In an attempt to push the Star Wars saga in a new direction, Kenner created Atha Prime—a genetics master who had orchestrated the Clone Wars. In their presentation of Prime, Kenner used a brief description of the character and a color concept drawing. The drawing for Prime was in fact slightly modified from Nilo Rodis-Jamero's designs for the Emperor's Royal Guards, from Return of the Jedi. The modifications included changes to the character's staff and headpiece. To accompany Prime, they also designed the Clone Warriors. In the way of characters affiliated with the Galactic Empire, the designers decided to re-introduce Grand Moff Tarkin, who had been apparently killed at the conclusion of Star Wars: Episode IV A New Hope. They had failed to create a figure of Tarkin during the original Star Wars run and intended to rectify that for their new line. To present the idea of a Tarkin figure, Kenner simply used a promotional still of Peter Cushing in the role from A New Hope.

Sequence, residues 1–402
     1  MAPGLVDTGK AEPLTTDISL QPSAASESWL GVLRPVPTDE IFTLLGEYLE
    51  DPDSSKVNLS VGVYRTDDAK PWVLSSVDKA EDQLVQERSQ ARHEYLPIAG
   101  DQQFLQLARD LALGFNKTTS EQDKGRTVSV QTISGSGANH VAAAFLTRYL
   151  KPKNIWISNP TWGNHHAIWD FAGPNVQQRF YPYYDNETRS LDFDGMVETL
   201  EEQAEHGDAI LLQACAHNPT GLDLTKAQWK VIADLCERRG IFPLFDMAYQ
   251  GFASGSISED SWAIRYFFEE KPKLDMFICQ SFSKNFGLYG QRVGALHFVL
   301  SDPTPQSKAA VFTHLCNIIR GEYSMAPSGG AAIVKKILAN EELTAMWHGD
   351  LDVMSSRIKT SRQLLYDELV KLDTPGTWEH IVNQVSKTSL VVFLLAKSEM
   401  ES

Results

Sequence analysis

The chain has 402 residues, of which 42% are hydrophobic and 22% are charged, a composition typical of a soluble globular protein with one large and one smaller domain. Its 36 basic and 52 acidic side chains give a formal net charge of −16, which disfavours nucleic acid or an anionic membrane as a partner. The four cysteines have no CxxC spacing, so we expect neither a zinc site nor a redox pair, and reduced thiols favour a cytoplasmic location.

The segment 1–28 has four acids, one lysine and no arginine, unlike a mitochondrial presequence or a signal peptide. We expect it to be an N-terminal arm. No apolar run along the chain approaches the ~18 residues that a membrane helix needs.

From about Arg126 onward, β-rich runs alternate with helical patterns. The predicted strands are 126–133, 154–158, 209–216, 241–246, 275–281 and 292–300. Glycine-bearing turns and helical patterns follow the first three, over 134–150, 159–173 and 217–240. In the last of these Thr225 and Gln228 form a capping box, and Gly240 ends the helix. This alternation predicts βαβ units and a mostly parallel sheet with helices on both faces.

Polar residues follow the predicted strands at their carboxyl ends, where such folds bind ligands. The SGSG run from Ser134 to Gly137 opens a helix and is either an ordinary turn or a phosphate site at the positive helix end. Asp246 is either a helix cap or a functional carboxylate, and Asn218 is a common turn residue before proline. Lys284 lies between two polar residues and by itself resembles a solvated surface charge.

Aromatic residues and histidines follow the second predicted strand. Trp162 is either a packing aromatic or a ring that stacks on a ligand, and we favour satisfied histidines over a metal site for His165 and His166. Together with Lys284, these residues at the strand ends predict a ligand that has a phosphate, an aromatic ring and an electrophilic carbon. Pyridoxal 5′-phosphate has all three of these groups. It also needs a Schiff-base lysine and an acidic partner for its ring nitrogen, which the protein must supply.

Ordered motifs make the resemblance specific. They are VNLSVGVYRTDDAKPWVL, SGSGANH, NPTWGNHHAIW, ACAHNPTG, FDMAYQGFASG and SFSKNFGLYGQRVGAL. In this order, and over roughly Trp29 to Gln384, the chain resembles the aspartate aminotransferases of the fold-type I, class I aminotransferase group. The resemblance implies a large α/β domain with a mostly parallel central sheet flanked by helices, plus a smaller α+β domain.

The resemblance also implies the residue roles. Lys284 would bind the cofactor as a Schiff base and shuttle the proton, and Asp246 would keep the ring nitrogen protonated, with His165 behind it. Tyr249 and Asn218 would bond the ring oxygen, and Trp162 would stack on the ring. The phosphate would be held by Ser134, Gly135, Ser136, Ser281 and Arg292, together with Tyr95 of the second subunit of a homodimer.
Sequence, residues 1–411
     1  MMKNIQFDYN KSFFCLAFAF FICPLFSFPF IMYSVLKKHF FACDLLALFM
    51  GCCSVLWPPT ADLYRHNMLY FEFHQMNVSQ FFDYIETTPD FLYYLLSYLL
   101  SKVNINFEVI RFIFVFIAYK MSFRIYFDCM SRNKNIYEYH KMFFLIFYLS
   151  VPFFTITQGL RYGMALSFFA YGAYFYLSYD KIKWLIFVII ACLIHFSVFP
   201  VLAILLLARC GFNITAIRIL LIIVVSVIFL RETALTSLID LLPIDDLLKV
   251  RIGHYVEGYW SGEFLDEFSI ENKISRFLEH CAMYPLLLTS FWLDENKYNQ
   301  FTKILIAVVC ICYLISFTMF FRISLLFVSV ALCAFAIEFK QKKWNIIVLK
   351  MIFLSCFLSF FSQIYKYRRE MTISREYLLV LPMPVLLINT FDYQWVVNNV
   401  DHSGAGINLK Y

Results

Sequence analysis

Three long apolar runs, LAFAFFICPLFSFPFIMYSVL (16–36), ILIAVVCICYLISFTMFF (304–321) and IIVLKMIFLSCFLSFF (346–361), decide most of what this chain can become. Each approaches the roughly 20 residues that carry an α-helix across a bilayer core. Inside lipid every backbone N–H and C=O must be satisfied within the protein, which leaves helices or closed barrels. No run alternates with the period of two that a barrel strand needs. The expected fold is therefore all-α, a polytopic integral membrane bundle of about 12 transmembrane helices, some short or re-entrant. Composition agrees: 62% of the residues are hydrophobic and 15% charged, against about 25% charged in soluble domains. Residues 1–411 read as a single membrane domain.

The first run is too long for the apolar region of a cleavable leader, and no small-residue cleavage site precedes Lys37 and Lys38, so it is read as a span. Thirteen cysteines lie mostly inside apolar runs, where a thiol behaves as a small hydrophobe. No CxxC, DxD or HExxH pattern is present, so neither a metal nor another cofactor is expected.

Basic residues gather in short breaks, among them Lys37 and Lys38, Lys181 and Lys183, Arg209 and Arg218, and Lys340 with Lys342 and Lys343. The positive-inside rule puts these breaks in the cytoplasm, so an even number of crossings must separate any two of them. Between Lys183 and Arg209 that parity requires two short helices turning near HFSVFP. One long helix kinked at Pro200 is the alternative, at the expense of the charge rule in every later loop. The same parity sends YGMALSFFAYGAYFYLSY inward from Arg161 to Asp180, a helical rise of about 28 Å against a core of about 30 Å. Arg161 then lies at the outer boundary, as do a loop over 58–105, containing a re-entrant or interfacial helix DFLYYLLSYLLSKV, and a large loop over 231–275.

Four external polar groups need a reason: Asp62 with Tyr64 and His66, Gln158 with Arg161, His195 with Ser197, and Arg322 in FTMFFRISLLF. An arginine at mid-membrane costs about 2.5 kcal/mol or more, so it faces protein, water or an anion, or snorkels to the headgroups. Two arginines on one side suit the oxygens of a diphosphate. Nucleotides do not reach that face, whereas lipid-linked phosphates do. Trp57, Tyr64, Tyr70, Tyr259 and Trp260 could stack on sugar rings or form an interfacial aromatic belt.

A variety of droid figures were proposed for the line, including a black Imperial Sentry Droid, much like R5-J2 from Return of the Jedi. For new droids, three Imperial Attack Droids, designated A, B, and C, had prototypes made. Several elements of these were kitbashed from earlier droid figures. To join Atha Prime's faction, the pilot droid Blue-Four was also designed.
Vehicles and playsets[edit | edit source]